Public Education Drives Away Business Help
September 18, 2002
In a valiant attempt to become part of the solution to the nation's failing public education system, business people and corporate foundations gave billions of dollars -- as well as their time and expertise -- to public schools in the 1990s. They hoped to inject business practices of standards and accountability into the system.
Now they are beginning to draw back, relying on perhaps the first premise of business: "Don't throw good money after bad." They are understandably disillusioned with the scanty positive results their money has bought.
- Corporate foundations alone boosted contributions to K-12 education by about 350 percent from 1990 to 2000.
- That constituted a jump from $18 million to $81 million, according to the Foundation Center.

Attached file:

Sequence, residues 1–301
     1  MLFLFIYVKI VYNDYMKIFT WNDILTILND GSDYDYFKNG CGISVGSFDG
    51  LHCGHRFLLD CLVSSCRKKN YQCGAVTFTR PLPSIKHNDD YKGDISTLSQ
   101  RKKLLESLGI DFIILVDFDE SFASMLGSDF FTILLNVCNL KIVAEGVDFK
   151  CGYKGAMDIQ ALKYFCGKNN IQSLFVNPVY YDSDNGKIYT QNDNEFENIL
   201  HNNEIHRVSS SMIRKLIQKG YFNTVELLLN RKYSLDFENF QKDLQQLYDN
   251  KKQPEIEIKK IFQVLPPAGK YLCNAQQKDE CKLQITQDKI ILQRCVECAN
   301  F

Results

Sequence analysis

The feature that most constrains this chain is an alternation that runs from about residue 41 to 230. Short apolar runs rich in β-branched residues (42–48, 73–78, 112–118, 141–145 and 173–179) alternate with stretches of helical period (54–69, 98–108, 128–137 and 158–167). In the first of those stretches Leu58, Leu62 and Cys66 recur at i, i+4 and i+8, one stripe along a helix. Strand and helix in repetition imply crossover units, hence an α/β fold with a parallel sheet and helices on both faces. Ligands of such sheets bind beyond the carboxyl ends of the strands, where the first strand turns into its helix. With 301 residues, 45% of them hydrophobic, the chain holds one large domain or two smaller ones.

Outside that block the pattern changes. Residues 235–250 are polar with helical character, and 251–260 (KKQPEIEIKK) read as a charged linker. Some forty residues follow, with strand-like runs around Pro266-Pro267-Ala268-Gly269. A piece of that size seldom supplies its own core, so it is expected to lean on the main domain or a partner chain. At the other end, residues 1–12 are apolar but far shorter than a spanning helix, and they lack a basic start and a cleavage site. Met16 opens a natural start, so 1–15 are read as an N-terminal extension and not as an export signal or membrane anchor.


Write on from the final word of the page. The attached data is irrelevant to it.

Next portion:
- But having met disappointment, many contributors say corporate and foundation money should be pulled from public education and redirected toward implementation of vouchers and other forms of competition.
- Corporate money accounts for about 1 percent of the $370 billion spent on public education each year.
Contributors cite such obstacles as feuding school-board members, dysfunctional school districts, superintendents who allow problems to fester unsolved, results promised but never verified and donations going to reward poor performance.
Many sum up their unhappy experiences with public education by warning that the system itself is broken.
Source: Del Jones, "Businesses Not Feeling So Charitable Toward Schools," USA Today, September 18, 2002.
Browse more articles on Education Issues